69 | Arttu Kärki

D | Tappara (U20 SM-sarja) | 6-2 | 176 lbs | Shoots: L

Graham Montgomery: Karki managed just over a point per game at the U20 level in Finland this season despite being third on his team in scoring among defensemen. His offensive toolkit is reasonably strong, headlined by his plus-level shot. Defensively, however, he can be quite passive, particularly in transition, giving up easy controlled zone entries against that he otherwise could have and should have at least challenged. The tools of an NHL defenseman are there but the consistency and ability to play within a compact defensive structure represent significant question marks.

70 | Andrew Strathmann

D | Youngstown (USHL) | 5-11 | 174 lbs | Shoots: L

Sebastian High: Strathmann is a smooth skater and fluid handler who constantly activates offensively. His risk assessment gauge needs calibration as he takes a lot of unnecessary risks, and his cowboy-style game is not overly likely to translate well to the NHL with his good but not exceptional toolkit. If he refines his decision-making and becomes significantly more reliable in his own end, he could project as an offensive-minded second-pairing piece, but the road to that upside is a long one. Learning to play better within a defensive system should be the main priority in his development, but the upside and confidence he has are quite enticing and are worth the risk of swinging on him for.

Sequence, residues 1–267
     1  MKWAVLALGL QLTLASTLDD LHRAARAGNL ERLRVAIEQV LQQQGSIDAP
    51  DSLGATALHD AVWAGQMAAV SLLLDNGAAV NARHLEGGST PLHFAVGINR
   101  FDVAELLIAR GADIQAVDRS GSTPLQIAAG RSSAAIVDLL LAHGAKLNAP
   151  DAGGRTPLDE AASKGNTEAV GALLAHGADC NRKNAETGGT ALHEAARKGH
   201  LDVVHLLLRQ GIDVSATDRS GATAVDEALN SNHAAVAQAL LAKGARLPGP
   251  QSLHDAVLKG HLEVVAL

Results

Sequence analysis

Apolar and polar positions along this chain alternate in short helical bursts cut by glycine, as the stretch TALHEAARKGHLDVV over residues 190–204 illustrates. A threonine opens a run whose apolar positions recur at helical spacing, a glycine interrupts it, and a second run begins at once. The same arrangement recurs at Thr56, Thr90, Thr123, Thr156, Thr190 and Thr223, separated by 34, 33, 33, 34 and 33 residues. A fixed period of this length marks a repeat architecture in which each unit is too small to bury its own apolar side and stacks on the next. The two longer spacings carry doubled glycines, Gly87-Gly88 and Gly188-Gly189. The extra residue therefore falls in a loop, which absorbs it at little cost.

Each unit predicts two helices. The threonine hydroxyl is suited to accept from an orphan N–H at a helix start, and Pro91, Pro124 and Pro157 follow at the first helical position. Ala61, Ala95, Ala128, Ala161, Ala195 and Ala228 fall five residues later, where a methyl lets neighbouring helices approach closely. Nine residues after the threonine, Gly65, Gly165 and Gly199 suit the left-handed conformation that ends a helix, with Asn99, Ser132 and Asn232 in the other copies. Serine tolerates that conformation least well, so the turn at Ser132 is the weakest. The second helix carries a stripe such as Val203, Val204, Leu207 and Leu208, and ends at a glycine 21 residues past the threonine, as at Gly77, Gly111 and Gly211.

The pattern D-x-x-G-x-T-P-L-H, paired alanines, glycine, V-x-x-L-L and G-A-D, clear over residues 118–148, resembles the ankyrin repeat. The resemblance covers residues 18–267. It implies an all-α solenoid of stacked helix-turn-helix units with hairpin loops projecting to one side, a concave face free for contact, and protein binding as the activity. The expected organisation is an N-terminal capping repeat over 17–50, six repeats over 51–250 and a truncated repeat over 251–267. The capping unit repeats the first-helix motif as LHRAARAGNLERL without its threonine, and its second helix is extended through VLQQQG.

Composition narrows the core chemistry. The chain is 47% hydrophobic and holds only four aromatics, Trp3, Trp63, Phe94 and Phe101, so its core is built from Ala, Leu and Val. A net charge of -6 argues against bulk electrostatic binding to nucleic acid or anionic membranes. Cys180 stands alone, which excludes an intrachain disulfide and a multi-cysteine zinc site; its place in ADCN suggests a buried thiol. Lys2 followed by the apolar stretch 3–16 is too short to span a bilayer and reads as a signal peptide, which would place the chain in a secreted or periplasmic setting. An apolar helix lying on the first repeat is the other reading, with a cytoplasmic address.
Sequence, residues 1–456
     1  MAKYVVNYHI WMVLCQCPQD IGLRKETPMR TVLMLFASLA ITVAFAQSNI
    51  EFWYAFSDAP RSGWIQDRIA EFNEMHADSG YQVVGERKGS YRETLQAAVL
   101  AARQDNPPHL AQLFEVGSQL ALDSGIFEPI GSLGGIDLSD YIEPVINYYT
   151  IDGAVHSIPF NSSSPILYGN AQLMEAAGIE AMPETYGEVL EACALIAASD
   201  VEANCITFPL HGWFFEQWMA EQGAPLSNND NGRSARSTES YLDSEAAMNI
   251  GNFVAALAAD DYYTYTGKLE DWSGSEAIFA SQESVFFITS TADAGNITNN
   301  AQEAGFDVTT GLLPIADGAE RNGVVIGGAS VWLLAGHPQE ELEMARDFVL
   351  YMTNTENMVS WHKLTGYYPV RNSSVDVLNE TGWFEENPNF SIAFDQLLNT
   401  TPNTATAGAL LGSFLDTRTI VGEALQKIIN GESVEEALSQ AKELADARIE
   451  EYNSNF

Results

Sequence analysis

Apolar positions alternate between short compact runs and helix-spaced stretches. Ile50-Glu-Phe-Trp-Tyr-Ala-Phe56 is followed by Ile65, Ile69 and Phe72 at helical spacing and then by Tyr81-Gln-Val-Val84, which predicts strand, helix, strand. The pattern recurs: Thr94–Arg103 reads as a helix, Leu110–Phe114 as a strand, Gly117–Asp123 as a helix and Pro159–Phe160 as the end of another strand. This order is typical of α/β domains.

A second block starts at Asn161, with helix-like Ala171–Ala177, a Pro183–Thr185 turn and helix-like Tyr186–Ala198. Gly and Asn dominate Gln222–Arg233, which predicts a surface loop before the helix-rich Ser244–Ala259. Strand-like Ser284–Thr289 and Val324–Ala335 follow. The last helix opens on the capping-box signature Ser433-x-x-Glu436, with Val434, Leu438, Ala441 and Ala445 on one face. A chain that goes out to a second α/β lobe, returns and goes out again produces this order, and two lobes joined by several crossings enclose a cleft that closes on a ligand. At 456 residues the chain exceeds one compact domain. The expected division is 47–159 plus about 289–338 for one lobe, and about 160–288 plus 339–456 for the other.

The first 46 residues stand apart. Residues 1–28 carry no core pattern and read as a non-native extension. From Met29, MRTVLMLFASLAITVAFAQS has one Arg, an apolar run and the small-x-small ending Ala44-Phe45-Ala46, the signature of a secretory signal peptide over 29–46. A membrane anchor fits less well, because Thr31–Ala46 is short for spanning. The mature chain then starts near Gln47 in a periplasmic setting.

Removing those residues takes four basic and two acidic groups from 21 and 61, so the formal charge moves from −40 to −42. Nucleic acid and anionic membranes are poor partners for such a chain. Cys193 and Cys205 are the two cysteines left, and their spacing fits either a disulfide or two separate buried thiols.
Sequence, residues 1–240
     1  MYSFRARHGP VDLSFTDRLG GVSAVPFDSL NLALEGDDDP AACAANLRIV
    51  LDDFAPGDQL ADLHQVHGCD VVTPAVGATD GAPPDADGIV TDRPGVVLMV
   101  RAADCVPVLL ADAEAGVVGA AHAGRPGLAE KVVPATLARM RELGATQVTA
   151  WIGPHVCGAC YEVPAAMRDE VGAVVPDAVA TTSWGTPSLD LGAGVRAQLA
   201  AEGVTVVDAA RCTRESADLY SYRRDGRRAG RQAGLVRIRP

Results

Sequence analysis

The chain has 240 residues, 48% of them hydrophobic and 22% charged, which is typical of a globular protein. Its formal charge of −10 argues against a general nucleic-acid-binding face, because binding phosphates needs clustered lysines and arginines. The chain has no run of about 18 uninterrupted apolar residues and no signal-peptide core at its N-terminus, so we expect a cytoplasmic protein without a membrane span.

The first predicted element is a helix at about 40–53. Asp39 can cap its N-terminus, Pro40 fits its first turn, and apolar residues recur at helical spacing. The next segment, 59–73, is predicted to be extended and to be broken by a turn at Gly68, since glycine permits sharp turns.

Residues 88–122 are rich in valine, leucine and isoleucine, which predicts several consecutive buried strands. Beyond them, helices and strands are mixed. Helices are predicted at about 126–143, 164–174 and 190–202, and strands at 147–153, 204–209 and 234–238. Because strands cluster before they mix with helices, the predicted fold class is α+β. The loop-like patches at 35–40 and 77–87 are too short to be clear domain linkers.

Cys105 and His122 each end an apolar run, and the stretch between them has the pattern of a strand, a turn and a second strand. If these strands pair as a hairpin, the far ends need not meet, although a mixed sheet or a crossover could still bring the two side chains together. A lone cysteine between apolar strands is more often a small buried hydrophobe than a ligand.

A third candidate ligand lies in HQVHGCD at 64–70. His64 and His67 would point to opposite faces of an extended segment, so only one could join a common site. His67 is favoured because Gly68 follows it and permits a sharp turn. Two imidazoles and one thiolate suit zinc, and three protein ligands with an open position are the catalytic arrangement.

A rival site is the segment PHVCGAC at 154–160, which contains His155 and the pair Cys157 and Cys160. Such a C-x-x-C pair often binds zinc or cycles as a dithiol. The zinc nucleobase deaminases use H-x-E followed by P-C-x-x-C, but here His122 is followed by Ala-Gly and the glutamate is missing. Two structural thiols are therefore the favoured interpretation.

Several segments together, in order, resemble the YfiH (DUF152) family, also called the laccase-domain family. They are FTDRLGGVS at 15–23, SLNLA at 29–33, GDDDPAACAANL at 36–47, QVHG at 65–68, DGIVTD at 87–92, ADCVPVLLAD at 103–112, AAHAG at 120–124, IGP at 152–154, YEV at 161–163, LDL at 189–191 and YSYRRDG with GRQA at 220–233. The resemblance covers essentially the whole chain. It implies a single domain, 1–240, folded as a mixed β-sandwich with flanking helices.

71 | Oliver Bonk

D | London (OHL) | 6-1 | 177 lbs | Shoots: R